Ever since I discovered Twitter, I've been trying to stop using it. I've redirected it to 127.0.0.1 in my hosts file, placed special anti-Twitter admonitions at 127.0.0.1 so I would see them, plus declared brief Twitter diets and Twitter fasts. With Reddit and Hacker News, it's worse. After getting nowhere with hosts-file bans, I've deleted accounts, thrown away passwords, and deliberately antagonized entire userbases.
All to no avail (or, at least, all to less avail than I wanted). I'm still on all those sites, still frequently annoyed by how little value I actually get from them, and still struggling with a ridiculous, useless addiction to the Reload button.
However, I think I've accidentally discovered the cure.
A while ago I read this interesting article or blog post which claimed Twitter "addiction" might actually be a true addiction. It compared constantly checking Twitter (and Facebook, e-mail, etc.) with repeatedly pulling the lever on a one-armed bandit in Vegas. I haven't found the exact article, but here's one of the variants:
Dr Tom Stafford, a lecturer at the University of Sheffield and co-author of the book Mind Hacks, believes that the same fundamental learning mechanisms that drive gambling addicts are also at work in email users. "Both slot machines and email follow something called a 'variable-interval reinforcement schedule'," he says, "which has been established as the way to train in the strongest habits. This means that rather than reward an action every time it is performed, you reward it sometimes, but not in a predictable way. So with email, usually when I check it there is nothing interesting, but every so often there's something wonderful - an invite out, or maybe some juicy gossip - and I get a reward." This is enough to make it difficult for us to resist checking email, even when we've only just looked.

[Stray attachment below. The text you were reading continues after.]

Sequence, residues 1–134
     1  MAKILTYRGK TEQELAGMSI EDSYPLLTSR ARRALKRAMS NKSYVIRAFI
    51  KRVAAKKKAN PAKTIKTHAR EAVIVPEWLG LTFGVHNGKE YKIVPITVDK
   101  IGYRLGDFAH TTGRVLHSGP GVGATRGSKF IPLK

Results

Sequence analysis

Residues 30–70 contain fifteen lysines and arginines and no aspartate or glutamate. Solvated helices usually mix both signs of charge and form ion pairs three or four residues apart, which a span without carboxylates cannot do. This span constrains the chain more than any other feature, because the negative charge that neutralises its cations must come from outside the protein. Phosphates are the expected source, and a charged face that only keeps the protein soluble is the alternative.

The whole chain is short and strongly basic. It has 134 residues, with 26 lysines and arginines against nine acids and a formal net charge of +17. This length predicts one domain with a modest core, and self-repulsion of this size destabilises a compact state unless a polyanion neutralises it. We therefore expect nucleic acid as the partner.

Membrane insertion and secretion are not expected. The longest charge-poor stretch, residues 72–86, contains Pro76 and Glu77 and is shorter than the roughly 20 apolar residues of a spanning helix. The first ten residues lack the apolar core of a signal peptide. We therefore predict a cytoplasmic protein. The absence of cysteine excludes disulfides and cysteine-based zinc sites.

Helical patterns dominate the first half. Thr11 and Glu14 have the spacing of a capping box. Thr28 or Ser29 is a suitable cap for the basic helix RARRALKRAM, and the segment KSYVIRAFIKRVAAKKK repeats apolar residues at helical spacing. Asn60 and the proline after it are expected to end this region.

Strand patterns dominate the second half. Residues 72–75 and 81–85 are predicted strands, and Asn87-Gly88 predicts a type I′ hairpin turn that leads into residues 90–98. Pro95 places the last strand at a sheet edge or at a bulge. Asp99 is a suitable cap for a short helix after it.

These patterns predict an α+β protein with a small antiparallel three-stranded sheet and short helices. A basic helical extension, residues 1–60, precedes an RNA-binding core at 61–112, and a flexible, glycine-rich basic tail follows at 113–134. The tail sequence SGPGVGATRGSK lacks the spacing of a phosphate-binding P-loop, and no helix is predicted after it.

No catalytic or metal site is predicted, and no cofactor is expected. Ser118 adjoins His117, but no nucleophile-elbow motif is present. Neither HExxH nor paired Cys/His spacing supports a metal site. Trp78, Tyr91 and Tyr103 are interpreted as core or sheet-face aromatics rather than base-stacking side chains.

I remember at the time that these stories were circulating, I wrote something down as a note to myself - instructions to find a way to leverage this addictive pattern into doing something profitable over and over again. Then I forgot all about it. But these days, I'm checking Clickbank and Amazon's affiliate program site pretty regularly.
I've blogged about Clickbank and Amazon's affiliate programs before, so I won't go into too much detail. Long story short, both are web sites where I could be making money, and both are web sites which I check often, and both are web sites where I sometimes am making money and sometimes am not. That's a variable-interval reinforcement schedule, the same phenomenon that Twitter kicks my ass with, but put to a more obviously useful purpose.
It's too early to say, but this might be the cure for Twitter. I might be able to transfer the reload-button habit from one site to another one - one which moves at a slower pace, produces less blog wars, and makes me some cash. It's kind of like if methadone were made of vitamins. You not only shift your addiction to something much safer, you also get a great side effect.